db.categories.insert( { _id: "Languages", path: ",Books,Programming," } )
db.categories.insert( { _id: "MongoDB", path: ",Books,Programming,Databases," } )
db.categories.insert( { _id: "dbm", path: ",Books,Programming,Databases," } )
  • You can query to retrieve the whole tree, sorting by the field path:

    db.categories.find().sort( { path: 1 } )
    
  • You can use regular expressions on the path field to find the descendants of Programming:

    db.categories.find( { path: /,Programming,/ } )
    
  • You can also retrieve the descendants of Books where the Books is also at the topmost level of the hierarchy:

    db.categories.find( { path: /^,Books,/ } )
    
  • To create an index on the field path use the following invocation:

    db.categories.ensureIndex( { path: 1 } )
    

    This index may improve performance depending on the query:

    • For queries of the Books sub-tree (e.g. /^,Books,/) an index on the path field improves the query performance significantly.

    • For queries of the Programming sub-tree (e.g. /,Programming,/), or similar queries of sub-tress, where the node might be in the middle of the indexed string, the query must inspect the entire index.

      For these queries an index may provide some performance improvement if the index is significantly smaller than the entire collection.

Model Tree Structures with Nested Sets

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The Nested Sets pattern identifies each node in the tree as stops in a round-trip traversal of the tree. The application visits each node in the tree twice; first during the initial trip, and second during the return trip. The Nested Sets pattern stores each tree node in a document; in addition to the tree node, document stores the id of node’s parent, the node’s initial stop in the left field, and its return stop in the right field.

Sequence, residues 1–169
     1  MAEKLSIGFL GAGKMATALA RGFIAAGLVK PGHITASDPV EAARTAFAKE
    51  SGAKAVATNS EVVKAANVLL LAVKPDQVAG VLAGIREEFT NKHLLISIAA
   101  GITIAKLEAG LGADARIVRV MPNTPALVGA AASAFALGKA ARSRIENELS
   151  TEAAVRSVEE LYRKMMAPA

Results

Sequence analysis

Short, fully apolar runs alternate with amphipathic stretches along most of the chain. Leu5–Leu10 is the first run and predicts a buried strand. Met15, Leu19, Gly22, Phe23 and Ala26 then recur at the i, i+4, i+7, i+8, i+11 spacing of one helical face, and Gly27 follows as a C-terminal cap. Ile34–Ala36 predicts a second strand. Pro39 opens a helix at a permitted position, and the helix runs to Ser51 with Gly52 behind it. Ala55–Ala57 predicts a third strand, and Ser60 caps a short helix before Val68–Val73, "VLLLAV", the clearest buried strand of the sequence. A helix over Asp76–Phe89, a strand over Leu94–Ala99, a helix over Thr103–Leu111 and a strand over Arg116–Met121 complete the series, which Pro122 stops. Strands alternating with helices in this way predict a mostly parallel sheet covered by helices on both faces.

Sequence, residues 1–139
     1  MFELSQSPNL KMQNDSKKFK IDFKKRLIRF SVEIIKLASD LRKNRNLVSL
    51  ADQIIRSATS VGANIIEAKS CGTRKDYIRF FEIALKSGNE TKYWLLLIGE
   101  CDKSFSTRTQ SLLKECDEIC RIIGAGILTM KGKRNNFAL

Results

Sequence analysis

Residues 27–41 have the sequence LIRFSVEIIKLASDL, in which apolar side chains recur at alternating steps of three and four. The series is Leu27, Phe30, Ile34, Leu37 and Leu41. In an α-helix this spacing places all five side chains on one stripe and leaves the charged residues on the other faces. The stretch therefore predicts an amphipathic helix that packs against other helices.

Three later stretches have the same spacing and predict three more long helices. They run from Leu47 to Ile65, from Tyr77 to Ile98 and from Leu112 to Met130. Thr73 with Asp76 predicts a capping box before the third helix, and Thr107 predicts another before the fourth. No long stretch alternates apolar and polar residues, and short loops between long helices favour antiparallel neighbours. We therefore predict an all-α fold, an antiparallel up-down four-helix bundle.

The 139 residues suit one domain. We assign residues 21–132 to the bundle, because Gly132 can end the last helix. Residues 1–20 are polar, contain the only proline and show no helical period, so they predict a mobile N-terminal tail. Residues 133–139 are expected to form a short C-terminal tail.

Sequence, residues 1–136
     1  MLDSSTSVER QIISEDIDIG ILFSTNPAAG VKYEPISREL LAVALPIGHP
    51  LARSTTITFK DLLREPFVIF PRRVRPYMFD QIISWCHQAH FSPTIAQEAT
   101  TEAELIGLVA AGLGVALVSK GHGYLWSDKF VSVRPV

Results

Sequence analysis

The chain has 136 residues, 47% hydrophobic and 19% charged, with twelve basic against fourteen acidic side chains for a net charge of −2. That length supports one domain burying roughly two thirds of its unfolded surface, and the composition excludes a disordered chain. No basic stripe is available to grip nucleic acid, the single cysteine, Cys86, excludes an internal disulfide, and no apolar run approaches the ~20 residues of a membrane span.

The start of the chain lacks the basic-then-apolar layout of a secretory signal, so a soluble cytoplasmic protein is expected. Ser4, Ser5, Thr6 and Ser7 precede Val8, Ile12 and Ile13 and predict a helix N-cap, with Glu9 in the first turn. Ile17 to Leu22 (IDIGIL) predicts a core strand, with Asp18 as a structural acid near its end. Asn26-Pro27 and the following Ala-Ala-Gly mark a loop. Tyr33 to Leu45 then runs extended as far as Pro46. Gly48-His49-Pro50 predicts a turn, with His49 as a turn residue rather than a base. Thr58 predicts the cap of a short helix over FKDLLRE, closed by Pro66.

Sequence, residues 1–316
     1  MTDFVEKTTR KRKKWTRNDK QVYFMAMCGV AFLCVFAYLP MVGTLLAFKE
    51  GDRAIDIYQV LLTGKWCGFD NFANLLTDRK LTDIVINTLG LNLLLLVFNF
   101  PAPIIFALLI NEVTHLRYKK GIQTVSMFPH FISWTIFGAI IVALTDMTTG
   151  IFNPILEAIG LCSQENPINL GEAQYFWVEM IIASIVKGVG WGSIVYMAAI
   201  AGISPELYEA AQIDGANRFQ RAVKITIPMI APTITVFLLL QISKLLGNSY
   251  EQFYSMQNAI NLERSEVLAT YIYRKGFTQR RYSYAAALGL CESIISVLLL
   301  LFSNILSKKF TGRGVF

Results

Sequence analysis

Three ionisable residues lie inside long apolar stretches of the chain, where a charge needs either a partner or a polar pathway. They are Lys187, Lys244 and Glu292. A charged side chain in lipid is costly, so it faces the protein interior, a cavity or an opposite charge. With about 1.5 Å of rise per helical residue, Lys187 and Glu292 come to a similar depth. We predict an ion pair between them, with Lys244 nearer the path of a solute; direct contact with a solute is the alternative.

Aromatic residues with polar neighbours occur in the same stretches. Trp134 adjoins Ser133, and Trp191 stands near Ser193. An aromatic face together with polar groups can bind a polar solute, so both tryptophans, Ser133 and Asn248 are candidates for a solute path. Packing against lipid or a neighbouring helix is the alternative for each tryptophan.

Consider the following hierarchy of categories:

Example of a hierarchical data. The numbers identify the stops at nodes during a roundtrip traversal of a tree.

The following example models the tree using Nested Sets:

db.categories.insert( { _id: "Books", parent: 0, left: 1, right: 12 } )
db.categories.insert( { _id: "Programming", parent: "Books", left: 2, right: 11 } )
db.categories.insert( { _id: "Languages", parent: "Programming", left: 3, right: 4 } )
db.categories.insert( { _id: "Databases", parent: "Programming", left: 5, right: 10 } )
db.categories.insert( { _id: "MongoDB", parent: "Databases", left: 6, right: 7 } )
db.categories.insert( { _id: "dbm", parent: "Databases", left: 8, right: 9 } )

You can query to retrieve the descendants of a node:

var databaseCategory = db.categories.findOne( { _id: "Databases" } );
db.categories.find( { left: { $gt: databaseCategory.left }, right: { $lt: databaseCategory.right } } );

The Nested Sets pattern provides a fast and efficient solution for finding subtrees but is inefficient for modifying the tree structure. As such, this pattern is best for static trees that do not change.